Sunday, January 29, 2012

Ginger treats for wintry weather

Ginger is great. My mother swears by it. She did this thing once where she took ginger tea for a whole month to cure cold (I was shaking my head for it). She was on a crusade for all natural homeopathic medicine. That was the last time I heard of it though. Nowadays she took medicines like the rest of the world, although she still supplement it with ginger tea. I'm not arguing with her that ginger is great. Just that my life demands quick cure to cold. You can cure cold with ginger, but it'll take twice as long. 

Ginger is quite a versatile ingredient that you can use for both sweet and savory cooking. One of the memories from my childhood involves ginger. Remember how I told you about the highlands? Well, this treat is another ubiquitous treat to be found in the highlands. The street peddlers usually would start around evening time to walk around selling this treat. It's a great one, especially considering that it's cold in the mountains. 

The first treat is what's called "sekoteng" (no English word for this). It's different from the second treat just because it's using a clear ginger stock and milk rather than using brown sugar ginger stock. The second one is originally called "kembang tahu" (literally, "tofu flowers"). Why it's named that way, I never really know. It doesn't have anything to do with flowers. However, the peddlers selling this treat would have a big, chilled drum filled with silken tofu. He'd spoon the tofu using flat metal spatula (similar to scooping ice cream, but he'd take thin slices of the tofu). Then he'd pour the hot ginger soup onto the tofu. My guess is that it's a direct translation of the Chinese name for silken tofu (doufu hua).

Funnily, I used to hate these. But now... What I wouldn't give to sit on that porch again with my family, talking, joking around, while eating this...

Ginger treat (sekoteng)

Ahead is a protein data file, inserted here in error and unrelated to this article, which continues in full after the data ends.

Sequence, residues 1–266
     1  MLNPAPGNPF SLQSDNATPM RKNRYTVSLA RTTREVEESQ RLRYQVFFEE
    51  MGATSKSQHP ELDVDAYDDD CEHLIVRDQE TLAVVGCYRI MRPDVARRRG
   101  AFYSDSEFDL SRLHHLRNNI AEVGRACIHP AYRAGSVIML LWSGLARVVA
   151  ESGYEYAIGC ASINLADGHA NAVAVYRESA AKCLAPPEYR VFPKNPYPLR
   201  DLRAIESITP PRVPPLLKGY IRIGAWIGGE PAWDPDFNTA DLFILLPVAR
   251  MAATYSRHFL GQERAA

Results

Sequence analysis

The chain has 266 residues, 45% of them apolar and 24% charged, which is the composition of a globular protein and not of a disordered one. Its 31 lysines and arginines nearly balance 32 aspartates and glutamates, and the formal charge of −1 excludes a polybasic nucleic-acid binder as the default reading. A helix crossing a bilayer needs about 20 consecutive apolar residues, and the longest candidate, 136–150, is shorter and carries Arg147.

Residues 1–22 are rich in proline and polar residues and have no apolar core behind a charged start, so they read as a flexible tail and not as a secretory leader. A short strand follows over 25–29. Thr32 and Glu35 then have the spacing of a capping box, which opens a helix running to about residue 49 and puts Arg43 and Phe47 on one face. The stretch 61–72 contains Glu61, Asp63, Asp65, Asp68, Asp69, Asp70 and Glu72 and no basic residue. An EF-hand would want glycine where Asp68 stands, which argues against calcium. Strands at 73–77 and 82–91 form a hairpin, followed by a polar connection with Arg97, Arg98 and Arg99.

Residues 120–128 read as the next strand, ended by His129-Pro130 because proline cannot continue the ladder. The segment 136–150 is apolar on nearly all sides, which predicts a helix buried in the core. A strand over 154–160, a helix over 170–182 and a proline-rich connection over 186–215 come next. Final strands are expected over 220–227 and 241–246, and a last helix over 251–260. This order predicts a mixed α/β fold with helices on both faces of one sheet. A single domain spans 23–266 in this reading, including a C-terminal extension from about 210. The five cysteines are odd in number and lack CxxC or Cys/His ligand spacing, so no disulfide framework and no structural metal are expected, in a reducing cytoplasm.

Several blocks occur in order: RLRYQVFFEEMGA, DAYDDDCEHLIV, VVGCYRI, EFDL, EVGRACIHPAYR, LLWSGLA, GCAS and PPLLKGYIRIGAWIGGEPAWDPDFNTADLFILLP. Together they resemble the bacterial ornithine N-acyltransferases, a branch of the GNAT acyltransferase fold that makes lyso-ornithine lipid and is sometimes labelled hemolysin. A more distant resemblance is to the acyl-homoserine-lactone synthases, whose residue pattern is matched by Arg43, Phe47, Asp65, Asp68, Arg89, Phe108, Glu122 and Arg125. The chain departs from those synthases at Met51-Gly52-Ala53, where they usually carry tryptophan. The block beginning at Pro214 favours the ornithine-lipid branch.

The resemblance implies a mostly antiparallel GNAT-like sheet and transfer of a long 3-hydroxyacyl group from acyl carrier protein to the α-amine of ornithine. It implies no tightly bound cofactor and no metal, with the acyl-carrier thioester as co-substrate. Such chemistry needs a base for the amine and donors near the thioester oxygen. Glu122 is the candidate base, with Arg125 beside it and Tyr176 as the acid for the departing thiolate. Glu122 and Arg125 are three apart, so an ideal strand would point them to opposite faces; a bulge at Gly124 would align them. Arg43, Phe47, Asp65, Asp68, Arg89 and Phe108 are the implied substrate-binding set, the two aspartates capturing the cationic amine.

For the ginger stock:
1 ginger
4 cups of water
Sweetened condensed milk

For the treat:
Cooked tapioca pearls
Bread, cubed
Cooked mung beans

1. Cut ginger to several pieces, bruise them.
2. Boil ginger in water, and then reduce to simmer for another 30 minutes
3. In a bowl, put 1 tbs cooked tapioca pearls, 1 tbs cubed bread, and 1 tbs cooked mung beans. Use the small tapioca pearls. Originally it calls for tapioca sticks.
4. Ladle the ginger water.
5. Adjust sweetness with sweetened condensed milk.

1. You can add about 1/2 cup of sugar into the ginger stock, this way you don't have to use sweetened condensed milk. 
2. The original recipe (the one I had when I was little) did have milk in it, but of course you can skip it without affecting the taste.
3. You can skip the treat altogether and just drink the ginger stock. The stock is pretty  much ginger tea. Or... how we make our ginger tea.
4. Reduce the amount of ginger if you don't like spicy.
5. Save the stock and freeze it if you have extra, you can make soup with it.

Tofu ginger treat (kembang tahu)

For the ginger stock:
1/2 cup brown sugar
1 ginger
4 cups of water

1. As above, boil the ginger in water with sugar. Simmer for about 30 minutes.
2. Cube the tofu, or slice it with spoon. Just remember to rinse the tofu gently so no tofu liquid remains.
3. Place tofu in a bowl, and ladle the syrup while it's hot.

1. The syrup will cook the tofu. But if you really want to, you can boil the tofu briefly.
2. If you can, use the Indonesian brown sugar. If you do so, use 2 cylinders.
3. You can make this recipe at the same time as you make the above recipe. Just divide the stock and sweeten one with sweetened milk, and the other with brown sugar. Of course, the measurement will change.
4. Reduce the amount of sugar if you want. However, factor in the fact that the tofu isn't sweet and is quite bland. The last time I reduced the sugar, I ended up making a tofu "soup" with the stock. It's not supposed to be tofu "soup".

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